Our discussion of inclusive cities this week left me with a few questions regarding the equity of smart cities. While I agree that smart cities are an essential component of inclusive sustainable development, I am wrestling with how to make this a completely global conversation rather than a Westernized solution to the problem of inclusivity. My questions are as follows: 1) When discussing smart cities, does the conversation focus primarily around industrialized cities in the west/global north? I cannot help thinking about who is fitting the costs for these smart technologies. 2) Are we approaching the idea of smart and inclusive cities from an industrialized, western perspective? And how do we bring poor cities of the global south into the conversation? 3) What about cities that are struggling with their infrastructure or social services? If a city has limited funds, is it a smart idea for them to invest in smart technologies before they have stable institutions, infrastructure, and resources? 4) When talking about accessible apps, are we assuming that everyone has access to an iPhone/smart phone? What about regions of the world where people may not have economic access to this sort of technology?
While these are the questions I am left pondering, the framework in place regarding inclusive cities serves as a roadmap for urban development. Habitat III’s New Urban Agendawas adopted at the UN Conference on Housing and Sustainable Urban Developmentin Quito, Ecuador on October, 20th2016. The goal of the NUA is to ensure that all people have access to the benefits and opportunities that cities offer during this time of unprecedented urbanization. The New Urban Agenda is important because it lays out standards for the planning, construction, development, management, and improvement of urban areas by embedding them in five pillars of implementation: “national urban policies, urban legislation, urban planning and design, local economy, and local implementation.” The New Urban Agenda aligns with goal 11 of the SDGs, sustainable cities and communities, because it underlines the relationships between good urbanization, job creation, and improved quality of life.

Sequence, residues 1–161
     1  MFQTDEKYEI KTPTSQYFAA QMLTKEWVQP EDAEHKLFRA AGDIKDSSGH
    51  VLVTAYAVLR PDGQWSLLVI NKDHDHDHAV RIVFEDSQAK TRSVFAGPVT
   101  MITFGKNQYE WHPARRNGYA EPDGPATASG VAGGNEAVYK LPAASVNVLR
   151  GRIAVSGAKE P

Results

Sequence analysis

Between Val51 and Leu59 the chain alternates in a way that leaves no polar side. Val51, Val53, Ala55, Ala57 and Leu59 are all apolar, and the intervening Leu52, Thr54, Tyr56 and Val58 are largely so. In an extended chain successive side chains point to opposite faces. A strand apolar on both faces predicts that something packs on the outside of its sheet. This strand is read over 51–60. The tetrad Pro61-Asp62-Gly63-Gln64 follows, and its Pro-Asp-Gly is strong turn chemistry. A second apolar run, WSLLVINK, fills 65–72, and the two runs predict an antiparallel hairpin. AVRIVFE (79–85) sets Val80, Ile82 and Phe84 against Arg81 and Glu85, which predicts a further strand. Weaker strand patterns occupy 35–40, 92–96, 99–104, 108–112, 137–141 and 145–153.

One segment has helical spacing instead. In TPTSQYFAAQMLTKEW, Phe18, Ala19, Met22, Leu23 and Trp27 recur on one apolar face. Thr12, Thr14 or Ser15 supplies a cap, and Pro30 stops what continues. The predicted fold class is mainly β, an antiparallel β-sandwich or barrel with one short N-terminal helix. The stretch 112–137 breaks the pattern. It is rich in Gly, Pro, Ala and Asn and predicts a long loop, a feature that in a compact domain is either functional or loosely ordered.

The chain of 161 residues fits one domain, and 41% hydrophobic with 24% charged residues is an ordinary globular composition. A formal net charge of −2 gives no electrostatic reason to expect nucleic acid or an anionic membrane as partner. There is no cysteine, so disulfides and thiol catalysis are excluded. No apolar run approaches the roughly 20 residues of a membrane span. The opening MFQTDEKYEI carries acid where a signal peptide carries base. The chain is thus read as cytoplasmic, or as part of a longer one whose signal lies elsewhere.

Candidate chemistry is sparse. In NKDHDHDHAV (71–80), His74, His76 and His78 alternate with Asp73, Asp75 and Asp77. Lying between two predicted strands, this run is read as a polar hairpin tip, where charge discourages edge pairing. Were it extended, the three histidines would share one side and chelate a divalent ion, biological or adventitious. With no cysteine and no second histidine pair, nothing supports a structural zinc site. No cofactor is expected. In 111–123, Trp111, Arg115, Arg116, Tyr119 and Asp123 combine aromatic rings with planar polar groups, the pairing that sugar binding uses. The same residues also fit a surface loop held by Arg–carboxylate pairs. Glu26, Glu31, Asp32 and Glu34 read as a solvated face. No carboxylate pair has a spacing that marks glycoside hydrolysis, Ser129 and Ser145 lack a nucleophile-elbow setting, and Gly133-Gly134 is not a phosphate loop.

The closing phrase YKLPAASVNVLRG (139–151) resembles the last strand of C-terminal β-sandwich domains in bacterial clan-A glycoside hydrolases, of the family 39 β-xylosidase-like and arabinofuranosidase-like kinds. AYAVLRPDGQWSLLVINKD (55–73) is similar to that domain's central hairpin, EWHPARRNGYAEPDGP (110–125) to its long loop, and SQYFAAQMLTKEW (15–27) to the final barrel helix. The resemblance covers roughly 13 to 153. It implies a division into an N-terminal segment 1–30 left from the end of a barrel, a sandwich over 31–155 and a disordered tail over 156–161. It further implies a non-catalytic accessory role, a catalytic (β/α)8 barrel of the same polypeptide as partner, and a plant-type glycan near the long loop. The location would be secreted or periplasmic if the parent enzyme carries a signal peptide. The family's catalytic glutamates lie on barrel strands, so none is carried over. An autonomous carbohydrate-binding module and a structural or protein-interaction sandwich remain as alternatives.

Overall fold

The New Urban Agenda makes 15 direct references to persons with disabilities. Through these references, persons with disabilities are given their “right to the city.” The right to the city as described in the NUA is the right to access everything in your city of residence including, the ability to navigate the city and make decisions regarding where you shop, eat, and how you travel. The discussion surround the transportation apps was fascinating and upon further investigation, I found that AXS Map was inspired by the creator’s own experiences of living with MS. When speaking about what drove him to create the app he states in a Huffington Post article,“People without disabilities don’t realize all the challenges that we face, like, ‘is a restroom accessible? Is there one small step outside a restaurant that would keep us from being able to get in?”
Building inclusive cities is about raising awareness to the significant proportion of the population living with disabilities. By changing the make-up of what a city and community looks like visibly, accessibility for persons with disabilities will be more widely acknowledged as a human rights issue.